A procedure that plucks stroke-causing clots from blood vessels in the brain may be useful in many more patients than previously thought, new research shows.
In the emergency procedure, called thrombectomy, doctors snake a catheter device through blood vessels to grab and remove the blockage.
Now, a major new study finds that the procedure remains effective in patients with ischemic stroke -- which occurs when a blood clot blocks the brain's blood flow -- for up to 16 hours after a stroke, rather than the current recommended limit of six hours.
That could mean reductions in death and disability for a much wider group of patients, the researchers said.
"Nearly half of all patients treated between six and 16 hours after the onset of their symptoms were largely spared from the consequences of their stroke," said lead investigator Dr. Gregory Albers. He directs Stanford University's Stroke Center.
"It used to be that by five or six hours after a stroke, we had to say 'I'm so sorry, you arrived too late to be treated,' " he said in a university news release. "But this is a new world."
Dr. Walter Koroshetz, director of the U.S. National Institute of Neurological Disorders and Stroke, agreed that the news could be a game-changer for stroke treatment.
"These astounding results will have an immediate impact in the clinic and will help us save many lives," he said in the news release. "I really cannot overstate the size of this effect."
In light of the findings, the American Heart Association and American Stroke Association issued revised treatment guidelines on Wednesday for ischemic stroke, which accounts for 85 percent of the 750,000 strokes that occur each year in the United States.
The new guidelines expand the window for thrombectomy from six to 24 hours, based on the results of brain imaging in select patients.
The new thrombectomy study was funded by the U.S. National Institutes of Health and was conducted at 38 stroke treatment centers.
In the study, researchers first used imaging software to quickly assess brain blood flow in patients from six to 16 hours after an ischemic stroke. They did so to spot those patients who still had a sufficient amount of healthy brain tissue and therefore might benefit from thrombectomy.
In the procedure, a cage-like stent is guided through blood vessels to the site of the blood clot in the brain. The stent surrounds the clot and extracts it.
Among the patients selected for the study, those who underwent thrombectomy had much better outcomes than those who did not.
About three months after their strokes, rates of death and severe disability were 14 percent and 8 percent, respectively, among patients who underwent thrombectomy compared with 26 percent and 16 percent, respectively, in people who hadn't had the procedure.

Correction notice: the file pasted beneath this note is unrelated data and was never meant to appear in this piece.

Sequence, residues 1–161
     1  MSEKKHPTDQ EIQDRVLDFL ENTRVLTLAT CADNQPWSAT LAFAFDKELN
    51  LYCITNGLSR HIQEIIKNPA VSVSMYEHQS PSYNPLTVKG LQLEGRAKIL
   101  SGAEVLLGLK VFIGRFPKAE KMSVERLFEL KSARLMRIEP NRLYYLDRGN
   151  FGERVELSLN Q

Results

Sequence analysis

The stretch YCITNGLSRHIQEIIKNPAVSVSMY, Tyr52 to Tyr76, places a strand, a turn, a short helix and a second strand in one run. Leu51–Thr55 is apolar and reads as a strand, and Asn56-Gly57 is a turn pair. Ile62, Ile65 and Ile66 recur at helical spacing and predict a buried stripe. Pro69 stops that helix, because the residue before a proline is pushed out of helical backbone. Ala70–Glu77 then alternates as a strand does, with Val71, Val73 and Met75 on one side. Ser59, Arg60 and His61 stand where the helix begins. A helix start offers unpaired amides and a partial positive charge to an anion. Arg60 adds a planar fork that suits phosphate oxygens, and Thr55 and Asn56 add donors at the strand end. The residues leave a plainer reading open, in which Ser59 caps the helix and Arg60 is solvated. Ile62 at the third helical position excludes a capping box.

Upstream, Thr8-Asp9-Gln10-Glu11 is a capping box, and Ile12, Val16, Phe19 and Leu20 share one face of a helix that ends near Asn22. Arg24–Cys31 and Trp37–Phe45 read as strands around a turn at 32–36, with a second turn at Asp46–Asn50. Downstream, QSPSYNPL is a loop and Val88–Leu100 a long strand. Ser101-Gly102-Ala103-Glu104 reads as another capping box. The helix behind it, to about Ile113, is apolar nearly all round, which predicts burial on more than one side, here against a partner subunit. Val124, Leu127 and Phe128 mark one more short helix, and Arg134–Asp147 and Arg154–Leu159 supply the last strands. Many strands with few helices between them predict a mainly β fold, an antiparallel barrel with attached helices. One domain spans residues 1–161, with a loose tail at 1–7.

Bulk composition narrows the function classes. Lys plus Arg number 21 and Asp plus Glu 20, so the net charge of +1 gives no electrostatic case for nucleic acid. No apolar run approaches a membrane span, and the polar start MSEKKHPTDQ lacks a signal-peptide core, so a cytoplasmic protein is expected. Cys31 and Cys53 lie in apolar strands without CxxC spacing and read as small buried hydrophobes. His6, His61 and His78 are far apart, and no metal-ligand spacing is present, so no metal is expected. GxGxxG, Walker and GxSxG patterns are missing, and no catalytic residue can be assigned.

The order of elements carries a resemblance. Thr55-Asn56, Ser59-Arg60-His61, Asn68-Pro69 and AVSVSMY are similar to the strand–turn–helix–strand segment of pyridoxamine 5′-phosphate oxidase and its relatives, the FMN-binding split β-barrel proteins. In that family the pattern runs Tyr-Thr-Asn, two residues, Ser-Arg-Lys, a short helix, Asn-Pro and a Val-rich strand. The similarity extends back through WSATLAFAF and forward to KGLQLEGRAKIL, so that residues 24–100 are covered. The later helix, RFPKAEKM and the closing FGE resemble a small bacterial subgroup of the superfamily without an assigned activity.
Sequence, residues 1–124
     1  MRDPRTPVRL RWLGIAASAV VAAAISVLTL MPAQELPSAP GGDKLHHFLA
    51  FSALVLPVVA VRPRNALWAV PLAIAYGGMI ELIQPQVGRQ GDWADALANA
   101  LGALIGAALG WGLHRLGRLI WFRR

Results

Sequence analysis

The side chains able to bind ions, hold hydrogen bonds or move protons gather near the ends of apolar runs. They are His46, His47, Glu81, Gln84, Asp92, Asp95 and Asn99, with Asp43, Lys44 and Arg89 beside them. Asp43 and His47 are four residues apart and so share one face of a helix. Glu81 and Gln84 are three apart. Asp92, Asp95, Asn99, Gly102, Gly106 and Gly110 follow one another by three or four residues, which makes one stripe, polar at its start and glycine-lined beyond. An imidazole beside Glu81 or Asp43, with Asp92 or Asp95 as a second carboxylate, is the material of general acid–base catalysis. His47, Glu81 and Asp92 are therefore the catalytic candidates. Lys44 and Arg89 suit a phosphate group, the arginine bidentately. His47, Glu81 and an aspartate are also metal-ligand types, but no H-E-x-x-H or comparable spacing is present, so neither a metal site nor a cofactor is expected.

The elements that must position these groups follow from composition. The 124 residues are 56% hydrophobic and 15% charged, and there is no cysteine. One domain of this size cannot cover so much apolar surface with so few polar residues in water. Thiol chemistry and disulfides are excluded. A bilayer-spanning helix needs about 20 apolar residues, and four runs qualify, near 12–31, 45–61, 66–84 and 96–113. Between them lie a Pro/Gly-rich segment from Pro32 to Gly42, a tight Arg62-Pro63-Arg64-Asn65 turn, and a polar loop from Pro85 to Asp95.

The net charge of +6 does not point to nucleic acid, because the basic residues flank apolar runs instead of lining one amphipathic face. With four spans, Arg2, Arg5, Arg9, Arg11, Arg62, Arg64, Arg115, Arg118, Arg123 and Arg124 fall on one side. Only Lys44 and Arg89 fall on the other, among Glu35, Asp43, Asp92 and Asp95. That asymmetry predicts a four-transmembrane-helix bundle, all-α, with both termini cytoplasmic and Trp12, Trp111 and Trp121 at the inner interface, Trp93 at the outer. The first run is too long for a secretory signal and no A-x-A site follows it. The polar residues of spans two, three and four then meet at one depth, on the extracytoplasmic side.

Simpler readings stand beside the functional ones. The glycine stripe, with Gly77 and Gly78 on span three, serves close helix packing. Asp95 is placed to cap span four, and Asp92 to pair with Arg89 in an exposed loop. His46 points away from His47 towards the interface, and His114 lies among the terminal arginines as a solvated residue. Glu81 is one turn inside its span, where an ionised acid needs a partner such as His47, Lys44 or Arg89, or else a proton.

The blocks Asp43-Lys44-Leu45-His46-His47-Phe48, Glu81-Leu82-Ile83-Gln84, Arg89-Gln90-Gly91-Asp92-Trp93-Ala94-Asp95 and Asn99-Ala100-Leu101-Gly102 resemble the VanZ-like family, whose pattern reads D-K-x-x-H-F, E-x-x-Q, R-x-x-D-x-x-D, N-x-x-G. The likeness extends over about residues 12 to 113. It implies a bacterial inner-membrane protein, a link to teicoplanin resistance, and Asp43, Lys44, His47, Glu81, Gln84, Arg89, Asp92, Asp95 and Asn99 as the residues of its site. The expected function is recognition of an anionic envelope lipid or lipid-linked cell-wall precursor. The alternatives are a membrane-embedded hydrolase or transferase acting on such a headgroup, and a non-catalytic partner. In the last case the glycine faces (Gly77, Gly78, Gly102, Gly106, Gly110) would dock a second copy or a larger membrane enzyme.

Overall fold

People in the thrombectomy group did have a slightly increased risk of brain bleeding in the area where the clot was removed, but the rise in risk was considered statistically insignificant, the research team said. And that bump up in bleeding risk was greatly outweighed by the combined 22 percent lower risk of death and disability, the study authors noted.
But Albers stressed that thrombectomy is not useful for all stroke patients -- only those with enough viable brain tissue left to benefit.
"Only about half of the patients we screened with the brain-imaging software had enough salvageable brain tissue to enter the study," Albers explained. "For the others, the procedure was considered unlikely to be effective."
Dr. Mohammad Moussavi directs neuroendovascular surgery at Staten Island University Hospital in New York City. Reviewing the findings, he pointed out that the time window for thrombectomy keeps widening.
"The initial time window of three hours was put into place in 1995. It then extended to 4.5 hours, then six, and finally 16 to 24 hours," Moussavi said. "The time window has expanded over the years of research, trials and errors."
Another stroke expert who looked over the findings agreed. Dr. Anand Patel is a vascular neurologist at Northwell Health's Neuroscience Institute in Manhasset, N.Y.
Every second counts in stroke care, but the Stanford team noted that up to 40 percent of strokes occur during sleep, and many patients do not even realize they have had an attack in the night until they wake up from sleep.
But under the new thrombectomy guidelines, "many patients who wake up with stroke will now be able to be treated," Patel said.
The findings were published online Jan. 24 in the New England Journal of Medicine and presented the same day at the American Heart Association's International Stroke Conference in Los Angeles.
The National Stroke Association has more on ischemic stroke.
SOURCES: Anand Patel, MBBS, vascular neurologist, Northwell Health's Neuroscience Institute, Manhasset, N.Y.; Mohammad Moussavi, M.D., director, neurovascular and neuroendovascular surgery, Staten Island University Hospital, New York City; Stanford University, news release, Jan. 24, 2018